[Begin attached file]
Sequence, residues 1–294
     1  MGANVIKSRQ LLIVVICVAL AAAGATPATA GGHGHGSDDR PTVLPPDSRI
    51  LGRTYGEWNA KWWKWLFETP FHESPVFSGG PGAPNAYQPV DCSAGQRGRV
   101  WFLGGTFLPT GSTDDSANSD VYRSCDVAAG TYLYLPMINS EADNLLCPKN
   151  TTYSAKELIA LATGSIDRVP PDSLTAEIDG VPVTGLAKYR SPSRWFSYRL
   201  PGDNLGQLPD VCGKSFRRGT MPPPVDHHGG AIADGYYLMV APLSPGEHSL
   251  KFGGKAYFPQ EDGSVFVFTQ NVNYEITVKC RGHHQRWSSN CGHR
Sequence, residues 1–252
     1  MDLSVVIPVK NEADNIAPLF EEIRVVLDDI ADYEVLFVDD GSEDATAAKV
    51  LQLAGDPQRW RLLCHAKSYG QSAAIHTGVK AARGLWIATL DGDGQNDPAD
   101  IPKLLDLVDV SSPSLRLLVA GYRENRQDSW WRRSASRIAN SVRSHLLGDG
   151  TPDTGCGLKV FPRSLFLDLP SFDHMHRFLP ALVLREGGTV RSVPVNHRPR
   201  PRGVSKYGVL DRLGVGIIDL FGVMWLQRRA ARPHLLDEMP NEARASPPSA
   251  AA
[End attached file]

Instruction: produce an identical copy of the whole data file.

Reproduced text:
Sequence, residues 1–294
     1  MGANVIKSRQ LLIVVICVAL AAAGATPATA GGHGHGSDDR PTVLPPDSRI
    51  LGRTYGEWNA KWWKWLFETP FHESPVFSGG PGAPNAYQPV DCSAGQRGRV
   101  WFLGGTFLPT GSTDDSANSD VYRSCDVAAG TYLYLPMINS EADNLLCPKN
   151  TTYSAKELIA LATGSIDRVP PDSLTAEIDG VPVTGLAKYR SPSRWFSYRL
   201  PGDNLGQLPD VCGKSFRRGT MPPPVDHHGG AIADGYYLMV APLSPGEHSL
   251  KFGGKAYFPQ EDGSVFVFTQ NVNYEITVKC RGHHQRWSSN CGHR
Sequence, residues 1–252
     1  MDLSVVIPVK NEADNIAPLF EEIRVVLDDI ADYEVLFVDD GSEDATAAKV
    51  LQLAGDPQRW RLLCHAKSYG QSAAIHTGVK AARGLWIATL DGDGQNDPAD
   101  IPKLLDLVDV SSPSLRLLVA GYRENRQDSW WRRSASRIAN SVRSHLLGDG
   151  TPDTGCGLKV FPRSLFLDLP SFDHMHRFLP ALVLREGGTV RSVPVNHRPR
   201  PRGVSKYGVL DRLGVGIIDL FGVMWLQRRA ARPHLLDEMP NEARASPPSA
   251  AA